Posts Tagged With: fires

Antique Appraisals & the Civil War in the News

Top 10 Frequently Asked Questions about Appraisals
Appraisers are often asked questions about how the appraisal process works and whether an appraisal is even needed. Worthologist Liz Holderman rounds up the most frequently asked questions (FAQs) and gives some quick and easy answers, including how an appraiser knows what your collection is worth, why appraisers need to know why you want an appraisal, whether your baseball-card collection is covered by your homeowner’s insurance policy and how the Internet changed the value of collectibles. See if your questions are answered here, and if not, ask away in the comments section. Liz will be glad to reply.Read “Top 10 Frequently Asked Questions about Appraisals”

Who fired first Civil War shot? A dispute in Fla.

A raid 150 years ago by Confederate sympathizers on a Union fort at what is now Pensacola Naval Air Station was likely little more than an ill-planned and drunken misadventure, perhaps ended by one soldier’s warning shot — and a blank one, at that. But don’t tell Pensacola residents that the Jan. 8, 1861, skirmish meant nothing — the event is the stuff of legend in this military town. Some even claim the clash was the Civil War’s first, three months before the battle on April 12, 1861, at South Carolina’s Fort Sumter, which is widely recognized as the start of the war. Dale Cox, the unofficial historian for the Florida Panhandle chapter of the Sons of the Confederate Veterans, wrote on his blog that he considers the Pensacola shot the first of the Civil War, saying in an interview that it marked the first time federal troops fired toward Confederate agitators….

How We’ve Commemorated the Civil War

Take a look back at how Americans have remembered the civil war during significant anniversaries of the past… Read More »
also read;
The Civil War at 150 »

Poll: 4 in 10 Southerners Still Side With Confederacy

A century and a half after the opening shots of the U.S. Civil War, nearly four in 10 Southerners say they still sympathize with the Confederacy. That’s according to a new CNN poll released on the 150th anniversary of the start of the Civil War, when Union soldiers raised a U.S. flag over Fort Sumter in South Carolina and the opening shots of the war rang out. The poll’s results reveal that the war that divided the nation for four years still divides American public opinion today. In the South, 38 percent of respondents said they sympathize with the Confederacy, which lost the bloody war. More than 600,000 American soldiers on both sides were killed. Overall, the number from all geographic areas who said they still side with the South is less than a quarter….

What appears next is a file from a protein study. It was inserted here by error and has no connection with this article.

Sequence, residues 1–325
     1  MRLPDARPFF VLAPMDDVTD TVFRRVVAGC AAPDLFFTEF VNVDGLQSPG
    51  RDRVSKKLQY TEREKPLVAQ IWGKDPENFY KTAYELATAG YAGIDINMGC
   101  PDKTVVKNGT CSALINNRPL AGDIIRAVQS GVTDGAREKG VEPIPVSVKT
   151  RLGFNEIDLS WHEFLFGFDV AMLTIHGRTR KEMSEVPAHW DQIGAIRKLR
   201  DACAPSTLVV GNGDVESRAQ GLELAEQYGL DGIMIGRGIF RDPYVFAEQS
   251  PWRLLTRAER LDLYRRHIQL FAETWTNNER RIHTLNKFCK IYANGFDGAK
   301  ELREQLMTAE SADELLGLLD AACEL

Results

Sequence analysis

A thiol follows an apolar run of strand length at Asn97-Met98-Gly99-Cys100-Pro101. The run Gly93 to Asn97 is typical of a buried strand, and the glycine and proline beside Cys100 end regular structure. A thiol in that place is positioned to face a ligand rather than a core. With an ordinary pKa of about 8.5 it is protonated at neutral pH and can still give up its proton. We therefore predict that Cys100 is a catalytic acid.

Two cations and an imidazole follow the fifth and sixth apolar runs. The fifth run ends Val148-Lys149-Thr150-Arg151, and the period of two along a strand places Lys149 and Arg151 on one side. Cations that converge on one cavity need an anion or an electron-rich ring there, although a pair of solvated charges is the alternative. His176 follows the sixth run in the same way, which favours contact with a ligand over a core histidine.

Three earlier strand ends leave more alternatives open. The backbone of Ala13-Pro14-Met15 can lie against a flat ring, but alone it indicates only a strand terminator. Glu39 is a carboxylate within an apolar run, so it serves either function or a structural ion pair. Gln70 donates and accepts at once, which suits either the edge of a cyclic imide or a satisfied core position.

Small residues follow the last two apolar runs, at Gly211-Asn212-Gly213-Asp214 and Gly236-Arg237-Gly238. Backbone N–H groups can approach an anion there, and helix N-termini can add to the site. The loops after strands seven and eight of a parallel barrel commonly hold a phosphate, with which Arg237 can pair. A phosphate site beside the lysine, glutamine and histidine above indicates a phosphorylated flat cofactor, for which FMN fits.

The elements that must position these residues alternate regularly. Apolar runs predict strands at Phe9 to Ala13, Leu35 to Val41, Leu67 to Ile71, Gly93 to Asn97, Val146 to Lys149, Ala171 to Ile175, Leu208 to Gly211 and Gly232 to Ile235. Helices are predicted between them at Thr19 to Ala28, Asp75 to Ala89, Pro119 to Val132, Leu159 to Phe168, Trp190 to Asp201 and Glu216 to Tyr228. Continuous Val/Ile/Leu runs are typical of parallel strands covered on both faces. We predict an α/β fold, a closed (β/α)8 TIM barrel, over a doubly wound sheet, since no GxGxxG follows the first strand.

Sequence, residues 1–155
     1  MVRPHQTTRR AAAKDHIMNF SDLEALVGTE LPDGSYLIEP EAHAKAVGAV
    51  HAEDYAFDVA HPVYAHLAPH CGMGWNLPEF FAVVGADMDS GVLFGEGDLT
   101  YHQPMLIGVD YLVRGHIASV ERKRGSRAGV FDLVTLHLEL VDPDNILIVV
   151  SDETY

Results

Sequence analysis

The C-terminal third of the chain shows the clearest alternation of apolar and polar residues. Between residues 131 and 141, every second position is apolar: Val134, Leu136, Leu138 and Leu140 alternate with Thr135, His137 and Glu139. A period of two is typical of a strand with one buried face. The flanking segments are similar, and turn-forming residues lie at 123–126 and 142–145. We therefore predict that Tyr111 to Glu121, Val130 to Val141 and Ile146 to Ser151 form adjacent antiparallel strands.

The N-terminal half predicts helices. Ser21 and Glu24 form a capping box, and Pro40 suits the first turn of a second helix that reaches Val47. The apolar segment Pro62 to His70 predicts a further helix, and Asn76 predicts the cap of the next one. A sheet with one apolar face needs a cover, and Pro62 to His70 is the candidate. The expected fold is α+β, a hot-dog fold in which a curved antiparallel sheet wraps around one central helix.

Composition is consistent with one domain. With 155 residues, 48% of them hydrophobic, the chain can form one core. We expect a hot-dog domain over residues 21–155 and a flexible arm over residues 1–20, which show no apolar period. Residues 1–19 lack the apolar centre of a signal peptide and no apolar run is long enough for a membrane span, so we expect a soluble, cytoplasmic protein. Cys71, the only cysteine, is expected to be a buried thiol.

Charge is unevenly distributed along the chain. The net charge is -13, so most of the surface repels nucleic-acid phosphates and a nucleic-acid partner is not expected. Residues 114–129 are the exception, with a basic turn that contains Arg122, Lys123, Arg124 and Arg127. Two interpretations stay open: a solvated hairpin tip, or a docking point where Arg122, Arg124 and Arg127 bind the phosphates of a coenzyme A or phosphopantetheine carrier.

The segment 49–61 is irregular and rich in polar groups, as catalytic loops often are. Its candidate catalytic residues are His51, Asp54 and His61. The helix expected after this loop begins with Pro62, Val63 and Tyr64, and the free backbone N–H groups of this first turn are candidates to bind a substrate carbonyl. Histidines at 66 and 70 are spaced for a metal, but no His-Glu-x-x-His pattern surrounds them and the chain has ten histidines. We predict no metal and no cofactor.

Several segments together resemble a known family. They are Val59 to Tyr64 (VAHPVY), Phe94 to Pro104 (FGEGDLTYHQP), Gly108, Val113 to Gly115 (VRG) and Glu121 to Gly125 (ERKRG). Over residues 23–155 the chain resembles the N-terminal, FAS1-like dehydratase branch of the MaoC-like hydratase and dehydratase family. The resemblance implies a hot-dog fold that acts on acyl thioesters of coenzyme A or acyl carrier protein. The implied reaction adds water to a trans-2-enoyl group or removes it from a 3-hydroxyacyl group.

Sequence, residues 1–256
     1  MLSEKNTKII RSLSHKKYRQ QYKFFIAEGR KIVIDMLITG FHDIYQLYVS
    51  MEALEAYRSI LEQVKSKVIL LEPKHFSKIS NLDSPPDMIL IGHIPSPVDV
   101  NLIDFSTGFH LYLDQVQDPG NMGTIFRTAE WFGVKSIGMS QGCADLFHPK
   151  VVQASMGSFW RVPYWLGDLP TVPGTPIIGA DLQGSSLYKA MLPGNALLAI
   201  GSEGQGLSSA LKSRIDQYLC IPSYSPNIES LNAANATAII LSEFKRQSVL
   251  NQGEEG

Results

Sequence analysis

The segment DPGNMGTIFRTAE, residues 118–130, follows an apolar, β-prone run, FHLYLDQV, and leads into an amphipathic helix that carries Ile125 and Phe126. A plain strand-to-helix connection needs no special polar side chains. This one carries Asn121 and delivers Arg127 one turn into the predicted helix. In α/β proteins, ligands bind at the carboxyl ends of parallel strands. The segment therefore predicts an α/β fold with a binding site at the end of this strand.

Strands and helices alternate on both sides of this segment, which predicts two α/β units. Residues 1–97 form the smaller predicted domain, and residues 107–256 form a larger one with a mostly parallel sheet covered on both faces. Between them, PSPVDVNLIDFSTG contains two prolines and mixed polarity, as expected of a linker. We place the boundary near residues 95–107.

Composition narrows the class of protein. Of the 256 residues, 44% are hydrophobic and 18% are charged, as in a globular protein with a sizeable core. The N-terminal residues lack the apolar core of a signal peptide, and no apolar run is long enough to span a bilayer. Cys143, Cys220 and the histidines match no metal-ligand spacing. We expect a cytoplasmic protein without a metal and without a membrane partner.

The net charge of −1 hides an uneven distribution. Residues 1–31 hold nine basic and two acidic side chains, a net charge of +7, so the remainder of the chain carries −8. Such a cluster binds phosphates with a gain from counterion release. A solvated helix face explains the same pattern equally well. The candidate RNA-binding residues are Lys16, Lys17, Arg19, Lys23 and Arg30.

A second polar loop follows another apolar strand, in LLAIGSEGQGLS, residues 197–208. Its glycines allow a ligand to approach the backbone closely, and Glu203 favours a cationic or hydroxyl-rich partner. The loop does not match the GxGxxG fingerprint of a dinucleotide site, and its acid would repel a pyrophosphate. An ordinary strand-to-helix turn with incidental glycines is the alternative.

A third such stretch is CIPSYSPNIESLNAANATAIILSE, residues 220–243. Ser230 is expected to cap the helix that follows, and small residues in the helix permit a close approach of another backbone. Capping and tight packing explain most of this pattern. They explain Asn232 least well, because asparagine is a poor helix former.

How Civil War Photography Changed War

Civil War photographers completely changed popular perceptions of modern warfare. We’ve all seen photographs of the Civil War: black-and-white images of bearded Union generals or mustachioed Confederate colonels posing to one side of the camera, dead bodies stacked on the battlefield or common soldiers around a camp tent. Looking back 150 years to the start of the Civil War this month, what impact did photography have on the war? On the people who lived during the time? What do these images tell us today about the soldiers and their families?

Historic Structures at Fort Davis National Historic Site Threatened by Major Wildfires

We’ve grown accustomed to media coverage of property threatened by raging wildfires in California, but… West Texas? Large fires that raced across the high desert last weekend caused major damage in the small town of Fort Davis. Thus far, the key historic structures at Fort Davis National Historic Site have escaped, but it’s been a close call, and fires continue to burn in the vicinity. Fort Davis National Historic Site preserves perhaps the best example of an Indian Wars’ frontier military post in the Southwest, and the rugged terrain adds to the fort’s appeal for modern-day visitors. That terrain, combined with severe drought and fierce winds, contributed to some of the worst fires in Texas history in recent days. Last weekend, the Rock House Fire burned over 108,000 acres in the region, including more than 106 acres of pinion-juniper, brush and grass in the higher elevation area of Fort Davis National Historic Site. The area affected is on the west side of the park, and includes land just acquired by the NPS in January….